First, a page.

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R.I. Senator Whitehouse files ethics complaint against Supreme Court Justice Samuel Alito

Senator Sheldon Whitehouse in May.J. Scott Applewhite/Associated Press

Democratic Senator Sheldon Whitehouse accused Supreme Court Justice Samuel Alito of violating judicial standards in public comments the justice made on ethics controversies surrounding the court, escalating a fight over the conservative court’s ethics.

Whitehouse took the unusual step of filing an ethics complaint against Alito with Chief Justice John Roberts, citing comments Alito made in a July interview with the Wall Street Journal’s opinion section in which the justice argued the US Constitution doesn’t allow Congress to regulate the court.

Whitehouse is the lead author of legislation to impose an ethics code on the high court after reports that Justice Clarence Thomas and Alito accepted but didn’t report gifts of lavish travel provided from prominent Republican donors.


“On the Senate Judiciary Committee, we have heard in every recent confirmation hearing that it would be improper to express opinions on matters that might come before the Court,” Whitehouse wrote to Roberts. “In this instance, Justice Alito expressed an opinion on a matter that could well come before the Court.”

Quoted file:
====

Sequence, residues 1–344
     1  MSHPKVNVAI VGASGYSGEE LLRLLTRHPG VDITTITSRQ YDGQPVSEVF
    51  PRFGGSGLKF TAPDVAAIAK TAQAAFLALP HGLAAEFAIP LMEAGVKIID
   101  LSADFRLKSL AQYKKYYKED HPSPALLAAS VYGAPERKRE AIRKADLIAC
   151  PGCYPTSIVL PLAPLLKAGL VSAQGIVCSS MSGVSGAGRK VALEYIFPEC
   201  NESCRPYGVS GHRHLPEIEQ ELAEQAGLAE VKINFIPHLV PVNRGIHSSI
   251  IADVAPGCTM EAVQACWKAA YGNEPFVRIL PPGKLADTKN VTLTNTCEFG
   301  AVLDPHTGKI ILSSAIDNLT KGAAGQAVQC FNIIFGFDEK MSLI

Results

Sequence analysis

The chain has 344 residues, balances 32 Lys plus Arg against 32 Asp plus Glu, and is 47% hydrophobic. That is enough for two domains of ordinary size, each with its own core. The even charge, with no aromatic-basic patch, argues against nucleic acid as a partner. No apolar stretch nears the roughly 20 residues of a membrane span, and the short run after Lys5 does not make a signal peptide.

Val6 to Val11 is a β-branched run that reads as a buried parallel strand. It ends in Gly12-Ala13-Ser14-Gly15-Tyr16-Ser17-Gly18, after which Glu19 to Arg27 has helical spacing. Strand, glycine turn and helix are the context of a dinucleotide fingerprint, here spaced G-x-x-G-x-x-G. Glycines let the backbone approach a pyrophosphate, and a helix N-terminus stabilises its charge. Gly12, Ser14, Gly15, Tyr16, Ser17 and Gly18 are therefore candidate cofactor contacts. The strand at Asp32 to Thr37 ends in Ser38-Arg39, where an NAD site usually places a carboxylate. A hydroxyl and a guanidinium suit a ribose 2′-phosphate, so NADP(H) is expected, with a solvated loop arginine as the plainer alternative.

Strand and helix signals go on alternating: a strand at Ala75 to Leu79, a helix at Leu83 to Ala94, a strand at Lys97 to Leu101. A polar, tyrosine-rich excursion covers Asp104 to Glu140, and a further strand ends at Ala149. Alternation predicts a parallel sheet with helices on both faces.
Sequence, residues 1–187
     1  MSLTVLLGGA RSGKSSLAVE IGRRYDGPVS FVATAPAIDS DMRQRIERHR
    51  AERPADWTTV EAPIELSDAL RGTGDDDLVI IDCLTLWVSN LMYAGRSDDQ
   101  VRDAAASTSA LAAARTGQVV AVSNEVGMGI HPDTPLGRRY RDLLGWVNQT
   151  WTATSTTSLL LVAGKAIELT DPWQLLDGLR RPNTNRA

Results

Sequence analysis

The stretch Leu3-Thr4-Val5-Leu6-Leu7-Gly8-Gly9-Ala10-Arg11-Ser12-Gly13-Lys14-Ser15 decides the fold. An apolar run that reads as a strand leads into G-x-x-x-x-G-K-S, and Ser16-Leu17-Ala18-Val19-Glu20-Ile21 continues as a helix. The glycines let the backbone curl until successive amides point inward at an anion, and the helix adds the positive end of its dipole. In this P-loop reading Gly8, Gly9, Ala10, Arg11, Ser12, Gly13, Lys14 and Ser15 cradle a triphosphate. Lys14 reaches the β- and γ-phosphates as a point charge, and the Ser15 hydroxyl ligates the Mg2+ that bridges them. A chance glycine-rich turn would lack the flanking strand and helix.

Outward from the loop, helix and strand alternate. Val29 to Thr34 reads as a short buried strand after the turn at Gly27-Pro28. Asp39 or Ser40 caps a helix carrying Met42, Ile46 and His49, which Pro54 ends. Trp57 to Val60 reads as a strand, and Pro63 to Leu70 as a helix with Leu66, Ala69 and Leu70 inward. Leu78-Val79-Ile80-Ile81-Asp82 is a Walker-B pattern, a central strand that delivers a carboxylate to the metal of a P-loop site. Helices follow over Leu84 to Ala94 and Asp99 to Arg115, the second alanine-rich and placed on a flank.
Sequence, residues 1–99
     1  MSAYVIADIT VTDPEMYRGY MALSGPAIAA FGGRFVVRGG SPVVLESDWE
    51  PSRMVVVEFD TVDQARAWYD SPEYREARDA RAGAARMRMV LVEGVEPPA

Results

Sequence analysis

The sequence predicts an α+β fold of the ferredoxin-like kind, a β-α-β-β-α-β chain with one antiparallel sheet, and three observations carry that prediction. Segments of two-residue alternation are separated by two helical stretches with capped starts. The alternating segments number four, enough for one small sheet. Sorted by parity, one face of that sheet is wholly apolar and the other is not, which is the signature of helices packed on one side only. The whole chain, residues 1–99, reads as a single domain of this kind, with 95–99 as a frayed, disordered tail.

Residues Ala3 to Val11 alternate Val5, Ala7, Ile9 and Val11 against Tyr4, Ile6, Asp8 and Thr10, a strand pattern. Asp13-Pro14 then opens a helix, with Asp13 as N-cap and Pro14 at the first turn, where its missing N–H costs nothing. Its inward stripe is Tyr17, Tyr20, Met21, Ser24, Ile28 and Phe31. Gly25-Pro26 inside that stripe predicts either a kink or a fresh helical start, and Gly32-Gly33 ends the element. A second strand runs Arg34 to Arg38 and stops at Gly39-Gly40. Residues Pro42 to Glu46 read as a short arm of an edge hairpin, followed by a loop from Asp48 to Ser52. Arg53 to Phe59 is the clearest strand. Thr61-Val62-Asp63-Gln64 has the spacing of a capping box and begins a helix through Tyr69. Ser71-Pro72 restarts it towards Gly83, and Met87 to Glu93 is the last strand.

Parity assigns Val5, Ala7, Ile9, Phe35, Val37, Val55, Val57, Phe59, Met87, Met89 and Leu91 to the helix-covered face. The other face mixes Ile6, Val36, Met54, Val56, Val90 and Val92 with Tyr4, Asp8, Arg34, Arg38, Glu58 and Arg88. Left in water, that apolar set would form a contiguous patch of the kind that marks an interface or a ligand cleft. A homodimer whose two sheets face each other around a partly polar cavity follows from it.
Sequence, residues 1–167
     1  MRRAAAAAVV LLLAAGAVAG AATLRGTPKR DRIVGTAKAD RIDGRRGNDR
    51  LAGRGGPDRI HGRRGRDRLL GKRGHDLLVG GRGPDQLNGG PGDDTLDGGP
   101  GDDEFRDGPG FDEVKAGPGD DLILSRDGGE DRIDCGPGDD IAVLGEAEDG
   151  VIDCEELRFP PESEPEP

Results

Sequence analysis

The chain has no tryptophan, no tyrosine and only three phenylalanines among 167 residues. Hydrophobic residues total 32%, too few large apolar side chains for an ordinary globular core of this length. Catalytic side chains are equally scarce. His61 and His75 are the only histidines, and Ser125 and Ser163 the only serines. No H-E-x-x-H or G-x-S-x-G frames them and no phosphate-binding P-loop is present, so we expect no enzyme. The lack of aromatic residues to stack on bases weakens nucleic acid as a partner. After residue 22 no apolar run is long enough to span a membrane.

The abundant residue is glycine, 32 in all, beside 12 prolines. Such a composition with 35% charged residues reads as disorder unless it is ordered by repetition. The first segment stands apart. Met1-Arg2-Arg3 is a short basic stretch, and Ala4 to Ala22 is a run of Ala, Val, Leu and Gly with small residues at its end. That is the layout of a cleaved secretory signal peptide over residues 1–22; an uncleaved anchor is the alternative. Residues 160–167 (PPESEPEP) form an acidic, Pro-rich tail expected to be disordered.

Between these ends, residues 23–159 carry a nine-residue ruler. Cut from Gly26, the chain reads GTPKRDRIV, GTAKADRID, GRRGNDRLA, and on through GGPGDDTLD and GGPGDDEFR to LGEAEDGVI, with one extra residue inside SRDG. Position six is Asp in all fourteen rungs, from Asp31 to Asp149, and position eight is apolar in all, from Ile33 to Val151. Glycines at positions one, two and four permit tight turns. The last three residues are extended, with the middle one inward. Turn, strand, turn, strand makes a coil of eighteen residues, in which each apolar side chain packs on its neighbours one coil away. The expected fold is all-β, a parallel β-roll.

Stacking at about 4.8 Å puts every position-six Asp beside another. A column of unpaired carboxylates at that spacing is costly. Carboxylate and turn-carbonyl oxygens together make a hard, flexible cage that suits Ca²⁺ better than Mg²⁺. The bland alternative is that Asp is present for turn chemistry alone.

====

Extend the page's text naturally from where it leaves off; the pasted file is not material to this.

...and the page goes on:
Whitehouse, a Rhode Island senator, added that the comments seems to violate the code of conduct that governs federal judges and also appear to run against the Supreme Court’s own statement of ethical practices. He also said Alito’s remarks could embolden those who might obstruct probes by the Senate Judiciary and Finance committees into high-court ethics.

A spokesperson for the Supreme Court had no immediate response to a request for comment from Roberts and Alito on the letter, previously reported by the Washington Post.

The ethics legislation, which was approved by the Senate Judiciary Committee in July, faces formidable obstacles, with no Senate Republicans supporting it. Roberts earlier declined a request to come testify before the panel on Supreme Court ethics, and has rejected the idea that the court needs its own ethics code.